Posts Tagged ‘Hurricane Sandy’

Clean Energy Microgrids, Storage, and Building Grid Resilience

, senior energy analyst, Climate & Energy Program

The significant impacts of power outages are driving interest and technology innovation to provide electric power in a sustainable manner, even when the grid is damaged. An approach that’s growing in popularity and is becoming increasingly cost-effective is to combine solar plus storage to provide this added layer of reliability. Read more >

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A Science-Informed Post-Sandy Resilience Plan, but Hoboken Faces Challenges Implementing It

, democracy analyst, Center for Science & Democracy

Last August, Dawn Zimmer, mayor of Hoboken, New Jersey, formally released the Hoboken Resiliency and Readiness Plan to address ongoing Hurricane Sandy rebuilding efforts. The plan marked an important milestone for the “Mile Square City” by establishing a strong set of science-informed policy objectives that would help protect citizens from future climate change impacts. Read more >

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Lessons from Hurricane Sandy for Flood Risk and Flood Insurance

, lead economist and climate policy manager

Hurricane Sandy caused record flooding along the coasts of New Jersey, New York, and Connecticut, much of it resulting from storm surge. Sea level rise means that these kinds of storm surges are now riding on elevated water levels so that their destructive power extends higher and farther inland. Coupled with growing population and development along our coasts, major storms are creating increased risk for coastal residents – and threatening the financial solvency of the taxpayer-backed National Flood Insurance Program. Read more >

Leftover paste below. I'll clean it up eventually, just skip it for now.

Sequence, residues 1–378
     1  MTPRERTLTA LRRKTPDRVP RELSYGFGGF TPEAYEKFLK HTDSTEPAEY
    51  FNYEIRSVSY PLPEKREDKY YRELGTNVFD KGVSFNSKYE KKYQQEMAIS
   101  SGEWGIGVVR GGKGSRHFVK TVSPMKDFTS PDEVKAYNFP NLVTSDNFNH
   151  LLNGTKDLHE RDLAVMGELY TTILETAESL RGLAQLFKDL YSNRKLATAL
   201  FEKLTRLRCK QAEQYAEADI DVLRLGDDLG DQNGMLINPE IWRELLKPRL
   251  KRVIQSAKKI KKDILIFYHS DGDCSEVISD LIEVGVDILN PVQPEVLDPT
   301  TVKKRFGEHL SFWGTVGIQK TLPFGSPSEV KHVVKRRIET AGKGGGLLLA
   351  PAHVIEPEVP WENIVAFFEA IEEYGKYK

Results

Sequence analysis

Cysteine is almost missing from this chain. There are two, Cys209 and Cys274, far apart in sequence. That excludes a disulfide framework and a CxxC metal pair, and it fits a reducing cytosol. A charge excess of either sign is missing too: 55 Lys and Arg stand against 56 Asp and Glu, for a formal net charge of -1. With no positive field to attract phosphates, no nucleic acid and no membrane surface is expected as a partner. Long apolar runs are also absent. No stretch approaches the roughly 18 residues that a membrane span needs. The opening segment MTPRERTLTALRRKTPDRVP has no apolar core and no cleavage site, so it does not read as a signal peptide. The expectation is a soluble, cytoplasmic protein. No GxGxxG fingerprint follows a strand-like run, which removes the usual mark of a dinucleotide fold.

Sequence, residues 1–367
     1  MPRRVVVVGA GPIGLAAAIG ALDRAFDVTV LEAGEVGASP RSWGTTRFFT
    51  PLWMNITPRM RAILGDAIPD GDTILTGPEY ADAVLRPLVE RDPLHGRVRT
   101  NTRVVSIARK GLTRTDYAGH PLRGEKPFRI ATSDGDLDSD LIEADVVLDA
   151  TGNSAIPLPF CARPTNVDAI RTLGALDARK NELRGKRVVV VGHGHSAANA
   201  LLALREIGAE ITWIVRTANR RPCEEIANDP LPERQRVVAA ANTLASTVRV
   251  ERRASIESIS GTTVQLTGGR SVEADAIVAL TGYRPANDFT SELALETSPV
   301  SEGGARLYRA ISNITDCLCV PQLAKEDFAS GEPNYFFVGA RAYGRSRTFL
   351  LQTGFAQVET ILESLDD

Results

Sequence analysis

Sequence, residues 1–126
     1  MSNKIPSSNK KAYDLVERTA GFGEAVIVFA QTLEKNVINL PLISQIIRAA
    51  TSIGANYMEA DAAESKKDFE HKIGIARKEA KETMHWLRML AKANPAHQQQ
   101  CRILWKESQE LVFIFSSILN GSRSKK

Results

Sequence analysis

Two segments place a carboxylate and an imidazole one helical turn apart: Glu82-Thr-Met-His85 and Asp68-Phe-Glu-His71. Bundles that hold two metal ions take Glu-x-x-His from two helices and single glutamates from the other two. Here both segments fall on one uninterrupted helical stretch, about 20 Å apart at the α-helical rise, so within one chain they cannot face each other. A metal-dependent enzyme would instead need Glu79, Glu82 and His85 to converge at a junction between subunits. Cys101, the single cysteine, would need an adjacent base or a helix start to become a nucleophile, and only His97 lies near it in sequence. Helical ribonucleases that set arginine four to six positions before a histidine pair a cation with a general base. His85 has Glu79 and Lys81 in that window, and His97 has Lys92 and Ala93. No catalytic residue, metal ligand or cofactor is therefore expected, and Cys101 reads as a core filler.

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Satellites, Storm Surge, and Sandy: The Need for Science to Inform Our Coastal Planning

, lead analyst, Center for Science and Democracy

The following is an accurate description of Sandy, the superstorm that tore through the northeastern United States almost one year ago:

Sandy slammed into the New Jersey Coast Monday night, bringing very heavy rain and damaging winds to the region. Read more >

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Human Nature and Creeping Environmental Threats

, UCS Science Network

To state the obvious, rare events don’t occur frequently. While this is good in the case of large-scale natural hazards, it may increase our vulnerability in the long run. But why do uncommon events increase our likelihood of taking unnecessary risks, and how do we overcome our own cognitive predispositions? Read more >

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